A word on bonds. If you owned bonds a year ago, you are feeling the pain of the 100-year flood. At the beginning of the year, the 10-year US Treasure stood at 1.51%. At the end of the September quarter, it stood at 3.65%. Your principal loss was theoretically 17.88%. Less your coupon returns of 1.13% you netted a total loss of 16.55%. How will you make that loss back? Two ways. You hope that the rates on the bonds return to about 1.51% (good luck with that) or your hold your bonds another 9 ¼ years to maturity. With the ten-year as I write at 4.03%, the bond pain is even worse.

Losses in stocks can easily be made up in a shorter period. Let me put it another way, while Growth has had a terrible year, no way to hide it, as I write, we have given up gains since mid-April of 2020. Furthermore, we are up nearly 26% since the Powell Plunge of the 4th quarter of 2018. More on that in the next paragraph.

Historically, according to my research, going back to 1950, in the 16-quarter election cycle, the best performing quarter is that of the fourth quarter of the mid-term election year and the second-best quarter is that of the following quarter. That was until the Powell Plunge of the 4th quarter in 2018 when the SPX dropped a depressing 13.96% only to rebound 13.07% in the first quarter of 2019. That rebound occurred once investors and traders saw the foolishness of Pinhead Powell’s actions and the reflexive gift the markets presented at the end of 2018. That lunacy flipped the best and second-best positions in the 16-quarter returns, but only by a fraction of a percent.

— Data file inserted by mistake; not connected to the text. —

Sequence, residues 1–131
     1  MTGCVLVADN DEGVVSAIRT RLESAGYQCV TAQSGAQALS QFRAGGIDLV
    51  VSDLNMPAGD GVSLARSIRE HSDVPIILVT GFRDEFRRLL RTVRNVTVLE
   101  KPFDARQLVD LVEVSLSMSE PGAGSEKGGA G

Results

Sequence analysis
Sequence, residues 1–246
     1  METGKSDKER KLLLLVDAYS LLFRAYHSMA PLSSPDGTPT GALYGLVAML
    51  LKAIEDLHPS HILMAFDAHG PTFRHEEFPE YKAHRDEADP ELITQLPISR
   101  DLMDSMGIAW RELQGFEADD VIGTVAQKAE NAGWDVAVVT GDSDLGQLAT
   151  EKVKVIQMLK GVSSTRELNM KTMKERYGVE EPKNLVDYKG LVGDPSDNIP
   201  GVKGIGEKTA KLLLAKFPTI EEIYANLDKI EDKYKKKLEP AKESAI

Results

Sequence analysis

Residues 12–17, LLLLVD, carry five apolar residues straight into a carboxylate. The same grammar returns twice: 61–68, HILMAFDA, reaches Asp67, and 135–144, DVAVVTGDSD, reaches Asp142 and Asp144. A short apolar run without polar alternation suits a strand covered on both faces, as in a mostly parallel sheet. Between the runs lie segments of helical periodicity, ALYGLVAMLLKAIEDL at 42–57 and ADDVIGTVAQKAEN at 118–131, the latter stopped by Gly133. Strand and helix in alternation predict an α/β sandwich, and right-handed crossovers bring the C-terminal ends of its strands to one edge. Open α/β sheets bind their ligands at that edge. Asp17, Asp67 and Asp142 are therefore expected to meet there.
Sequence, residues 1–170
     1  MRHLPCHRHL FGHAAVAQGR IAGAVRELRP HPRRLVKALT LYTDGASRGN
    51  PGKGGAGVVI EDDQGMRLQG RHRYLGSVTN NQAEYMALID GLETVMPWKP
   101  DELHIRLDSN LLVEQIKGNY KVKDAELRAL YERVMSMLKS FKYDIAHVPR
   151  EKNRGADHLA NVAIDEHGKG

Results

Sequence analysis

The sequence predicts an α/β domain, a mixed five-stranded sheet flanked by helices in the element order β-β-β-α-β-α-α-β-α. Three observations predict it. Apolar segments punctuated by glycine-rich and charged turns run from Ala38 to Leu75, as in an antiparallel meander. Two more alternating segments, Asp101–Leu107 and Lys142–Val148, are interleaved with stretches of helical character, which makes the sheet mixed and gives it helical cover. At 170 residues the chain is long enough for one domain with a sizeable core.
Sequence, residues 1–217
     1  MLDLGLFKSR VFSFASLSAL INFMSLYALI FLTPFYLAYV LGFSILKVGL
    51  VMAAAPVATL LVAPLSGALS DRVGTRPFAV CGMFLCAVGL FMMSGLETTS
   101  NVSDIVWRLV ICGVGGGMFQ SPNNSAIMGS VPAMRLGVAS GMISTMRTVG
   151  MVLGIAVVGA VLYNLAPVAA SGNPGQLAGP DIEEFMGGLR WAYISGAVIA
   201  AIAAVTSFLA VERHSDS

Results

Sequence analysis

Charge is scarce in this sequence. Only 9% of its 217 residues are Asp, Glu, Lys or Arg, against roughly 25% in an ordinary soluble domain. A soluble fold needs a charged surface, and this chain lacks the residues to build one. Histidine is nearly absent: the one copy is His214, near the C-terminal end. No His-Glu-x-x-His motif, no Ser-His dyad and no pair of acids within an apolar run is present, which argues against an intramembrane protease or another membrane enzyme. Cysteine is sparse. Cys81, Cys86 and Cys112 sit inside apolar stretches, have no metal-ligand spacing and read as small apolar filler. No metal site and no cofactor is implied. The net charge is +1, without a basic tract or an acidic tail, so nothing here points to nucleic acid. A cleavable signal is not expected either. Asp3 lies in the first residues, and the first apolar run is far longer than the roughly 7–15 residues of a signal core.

As I write (late at night on October 26, 2022, or early October 27 in the Eastern time zone), the SPX rose 6.83% since the end of September 2022. Despite some poor tech earnings and poor economic reports, such as inflation, the market is reading bad news as good news. That typically occurs when the market flips from a negative to a positive bias. Of course, we all await Apple (AAPL) to report results, after the close today. It could be a game changer in either direction. Estimates are for earnings of $1.27 on revenues of $88.9 billion. OF greater importance than earnings results are management’s guidance and commentary of their end markets.

By the way, Enphase (ENPH) reported results after-the-close on Tuesday. On Wednesday, the solar power stock rose nearly 10% or $26.28. It is still off its 52-week high of $324.84 but I believe with a strong market it can eclipse that price.


[ Please note that all returns are averages across many accounts in the same strategy. Returns may differ from account to account based on several factors including but not limited to account size, deposits, and withdrawals]





Disclosure: At the time of this commentary Scott Rothbort, his family and/or clients of LakeView Asset Management, LLC was long AAPL, ENPH, MSFT, SPY, SPXL L-  although positions can change at any time.
Scott Rothbort is the President & Founder of LakeView Asset Management, LLC, (LVAM) an investment advisor representative, specializing in high net worth private wealth management. LVAM is affiliated with Kingswood Wealth Advisors Services, a registered investment advisor. For more information on investing with LakeView Asset Management, LLC call us at 888-9LAKEVIEW or request more information by clicking on the contact button on the top right-hand corner of the website. LakeView Management, LLC is a Nevada LLC, with its principal office located in Henderson, NV and branch office located in Millburn, NJ